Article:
The new year is already bringing new research into autism spectrum disorder, traumatic brain injuries, and down syndrome. From an eye scanner that could potentially guide early ASD diagnoses to new findings in down syndrome genetics, here’s a glimpse at some of the most popular topics that are trending this month in the world of neurobehavioral health: 

Research Shows Women May Be Underrepresented in TBI Studies

Recently, The Defense and Veterans Brain Injury Center led a study examining the differences in symptoms between male and female veterans with traumatic brain injuries.(1) Researchers had previously observed that nearly 100% of studies on traumatic brain injuries in military personnel and veterans focused on males. Ultimately, the team did find that female veterans with traumatic brain injuries do present symptoms differently than male veterans. For instance, females tended to have more severe  symptoms following a concussion.(2) This awareness could impact diagnosis and treatment.

The researchers hope that these results will lead to additional studies on the male and female differences in TBIs and contribute to a more balanced understanding of traumatic brain injuries.(1) 

New Empathy Findings May Help Further Understanding of ASD 

Individuals with conditions such as autism spectrum disorder or schizophrenia are often incorrectly believed to be unable to experience empathy, even as current research shows that it is most likely that people with these conditions simply have difficulty expressing empathy.(3) A new study from UCLA is helping researchers more thoroughly understand how certain conditions affect a person’s empathy.(4) 

Usually, when participating in an empathy research study, people with ASD or another condition are asked to answer questionnaires regarding their experiences with empathy. For someone with severe ASD, responding to a questionnaire can be extremely difficult. This makes accurately understanding how severe ASD or similar conditions affect empathy to be impossible. Explained the study’s senior author, Dr. Marco Iacoboni, to Science Daily, “Assessing empathy is often the hardest in the populations that need it most.” (4)

Dr. Iacoboni’s team at UCLA recently found that MRI scans of the brain can be used to predict a person’s empathy level, potentially eliminating the need for such questionnaires and tests in the future. The researchers looked at the resting activity in the regions of the brain that are associated with empathy and used an artificial intelligence device to collect more subtle data patterns.(4) 

“If we can demonstrate that their brains have the capability for empathy, we can work to improve it through training and the use of other therapies,” explained Dr. Iacoboni of the research. (4)

Scientists Are Learning More About the Genetics of Down Syndrome

In new research from University College London, certain regions of chromosome 21 (the extra copy of the chromosome that is carried by individuals with Down syndrome) were associated with decision and memory problems. This growing genetic understanding could potentially lead to more knowledge about how the learning differences in Down syndrome occur, as well as potential therapies.(5) 

An Eye Scan Might Help Predict ASD in Young Children

An early autism spectrum disorder diagnosis means earlier intervention, but ASD has long been considered too difficult to diagnose before the age of 2. A new retina scanning device, however, might serve to change this. This non-invasive, hand-held device has been developed to pick up on the electrical signals within the eye that are connected to the differences in the brain development of a person with ASD.(6)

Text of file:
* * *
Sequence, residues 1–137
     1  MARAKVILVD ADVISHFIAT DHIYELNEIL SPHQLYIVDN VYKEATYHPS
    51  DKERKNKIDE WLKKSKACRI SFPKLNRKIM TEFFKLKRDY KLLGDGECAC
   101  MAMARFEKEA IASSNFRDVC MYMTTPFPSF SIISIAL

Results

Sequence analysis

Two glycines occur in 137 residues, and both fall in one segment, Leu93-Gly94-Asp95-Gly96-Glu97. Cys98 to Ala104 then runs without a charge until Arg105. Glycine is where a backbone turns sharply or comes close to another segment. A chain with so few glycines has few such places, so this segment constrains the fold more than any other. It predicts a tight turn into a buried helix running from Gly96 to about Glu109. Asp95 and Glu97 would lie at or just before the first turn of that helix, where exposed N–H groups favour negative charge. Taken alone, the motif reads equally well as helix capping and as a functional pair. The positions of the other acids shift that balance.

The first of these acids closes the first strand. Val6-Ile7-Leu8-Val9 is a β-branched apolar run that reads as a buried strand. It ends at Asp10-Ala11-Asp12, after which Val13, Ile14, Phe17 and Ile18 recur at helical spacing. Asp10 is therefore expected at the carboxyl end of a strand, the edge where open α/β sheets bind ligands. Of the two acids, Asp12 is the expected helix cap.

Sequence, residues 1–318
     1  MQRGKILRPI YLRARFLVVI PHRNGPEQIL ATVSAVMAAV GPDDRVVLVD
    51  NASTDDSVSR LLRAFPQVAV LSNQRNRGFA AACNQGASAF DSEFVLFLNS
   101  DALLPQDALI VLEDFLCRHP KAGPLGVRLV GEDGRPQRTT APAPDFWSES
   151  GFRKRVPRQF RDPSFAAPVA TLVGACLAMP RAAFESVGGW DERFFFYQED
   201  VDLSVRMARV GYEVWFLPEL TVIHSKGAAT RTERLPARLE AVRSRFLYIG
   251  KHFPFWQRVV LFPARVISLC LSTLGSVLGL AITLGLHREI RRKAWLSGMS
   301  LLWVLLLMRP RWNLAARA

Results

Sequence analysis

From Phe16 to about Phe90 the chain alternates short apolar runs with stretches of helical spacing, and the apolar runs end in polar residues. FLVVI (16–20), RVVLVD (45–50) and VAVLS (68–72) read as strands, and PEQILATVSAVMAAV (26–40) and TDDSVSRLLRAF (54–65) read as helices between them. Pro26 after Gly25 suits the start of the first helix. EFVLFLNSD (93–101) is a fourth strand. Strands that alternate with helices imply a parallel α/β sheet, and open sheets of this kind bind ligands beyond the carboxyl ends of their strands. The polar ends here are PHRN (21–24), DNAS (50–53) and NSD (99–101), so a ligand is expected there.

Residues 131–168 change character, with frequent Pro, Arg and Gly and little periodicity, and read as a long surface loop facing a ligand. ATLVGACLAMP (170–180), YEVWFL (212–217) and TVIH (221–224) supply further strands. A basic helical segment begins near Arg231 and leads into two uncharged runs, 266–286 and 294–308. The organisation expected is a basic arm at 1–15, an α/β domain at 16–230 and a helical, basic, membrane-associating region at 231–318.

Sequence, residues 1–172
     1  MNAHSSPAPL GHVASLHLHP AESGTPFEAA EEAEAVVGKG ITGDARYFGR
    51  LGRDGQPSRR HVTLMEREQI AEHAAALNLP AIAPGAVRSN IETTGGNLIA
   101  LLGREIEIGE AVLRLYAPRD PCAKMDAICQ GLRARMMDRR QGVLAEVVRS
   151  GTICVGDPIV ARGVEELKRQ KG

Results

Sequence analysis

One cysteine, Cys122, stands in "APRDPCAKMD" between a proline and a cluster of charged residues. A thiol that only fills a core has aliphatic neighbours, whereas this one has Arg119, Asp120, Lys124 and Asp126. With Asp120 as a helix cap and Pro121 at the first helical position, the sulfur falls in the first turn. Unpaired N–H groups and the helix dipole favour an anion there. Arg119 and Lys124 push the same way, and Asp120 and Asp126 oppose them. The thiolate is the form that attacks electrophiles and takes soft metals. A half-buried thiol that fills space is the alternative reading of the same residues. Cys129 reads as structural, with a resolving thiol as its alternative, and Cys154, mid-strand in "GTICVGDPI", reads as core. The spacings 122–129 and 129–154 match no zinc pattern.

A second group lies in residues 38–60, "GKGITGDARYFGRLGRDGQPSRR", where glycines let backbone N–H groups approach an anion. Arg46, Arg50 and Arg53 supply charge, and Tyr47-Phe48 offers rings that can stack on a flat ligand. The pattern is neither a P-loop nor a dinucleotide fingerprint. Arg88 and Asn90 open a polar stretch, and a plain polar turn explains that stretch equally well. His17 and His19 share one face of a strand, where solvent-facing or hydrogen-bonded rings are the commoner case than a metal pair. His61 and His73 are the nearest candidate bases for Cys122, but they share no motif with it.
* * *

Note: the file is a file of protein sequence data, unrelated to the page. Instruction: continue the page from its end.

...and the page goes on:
Dr. Paul Constable of Flinders University explained to EurekAlert, “Very early diagnosis means not only can children receive important interventions, but families are empowered to get the necessary supports in place, come to terms with the diagnosis, and make informed decisions.” (6)

The teams researching the eye scanning device are conducting more studies in children with autism spectrum disorder. They hope that the scan can eventually be used to detect ADHD, as well as other neurodevelopmental conditions as well. (6)

Neurobehavioral Associates Diagnoses Neurodevelopmental Differences

If you’re concerned about neurodevelopmental or learning differences, Neurobehavioral Associates can help. We provide complete neuropsychological assessments to people of all ages with neurobehavioral needs. Our assessments will distinguish between one or more diagnoses, offer support recommendations, and establish an intervention plan. 

We’re located in Columbia, Maryland and have an extensive referral network. We also regularly attend IEP meetings in local schools. Contact our expert team today for more information on our neurobehavioral services. 


  1. Walter, K. (2020, February 20). Females Underrepresented in Traumatic Brain Injury Studies. Retrieved February 25, 2020, from
  1. Kim, L. H., Quon, J. L., Sun, F. W., Wortman, K. M., Adamson, M. M., & Harris, O. A. (2018, December 1). Traumatic brain injury among female veterans: a review of sex differences in military neurosurgery in: Neurosurgical Focus Volume 45 Issue 6 (2018). Retrieved February 25, 2020, from
  2. Brewer, R. (2016, July 13). People with Autism Can Read Emotions, Feel Empathy. Retrieved February 25, 2020, from
  3. Empathy can be detected in people whose brains are at rest. (2020, February 18). Retrieved February 25, 2020, from
  4. Novel insight into chromosome 21 and its effect on Down syndrome. (2020, January 28). Retrieved February 25, 2020, from

6.EurekAlert. (n.d.). Autism eye scan could lead to early detection. Retrieved February 25, 2020, from